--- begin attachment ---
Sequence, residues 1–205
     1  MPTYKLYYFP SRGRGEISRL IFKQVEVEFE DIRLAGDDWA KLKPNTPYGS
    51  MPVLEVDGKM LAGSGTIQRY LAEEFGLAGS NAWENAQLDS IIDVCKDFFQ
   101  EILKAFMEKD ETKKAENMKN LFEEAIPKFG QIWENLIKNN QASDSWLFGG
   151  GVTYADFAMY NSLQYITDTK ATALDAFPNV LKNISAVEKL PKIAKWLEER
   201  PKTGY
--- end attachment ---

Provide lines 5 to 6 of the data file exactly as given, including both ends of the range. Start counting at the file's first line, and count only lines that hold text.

   151  GVTYADFAMY NSLQYITDTK ATALDAFPNV LKNISAVEKL PKIAKWLEER
   201  PKTGY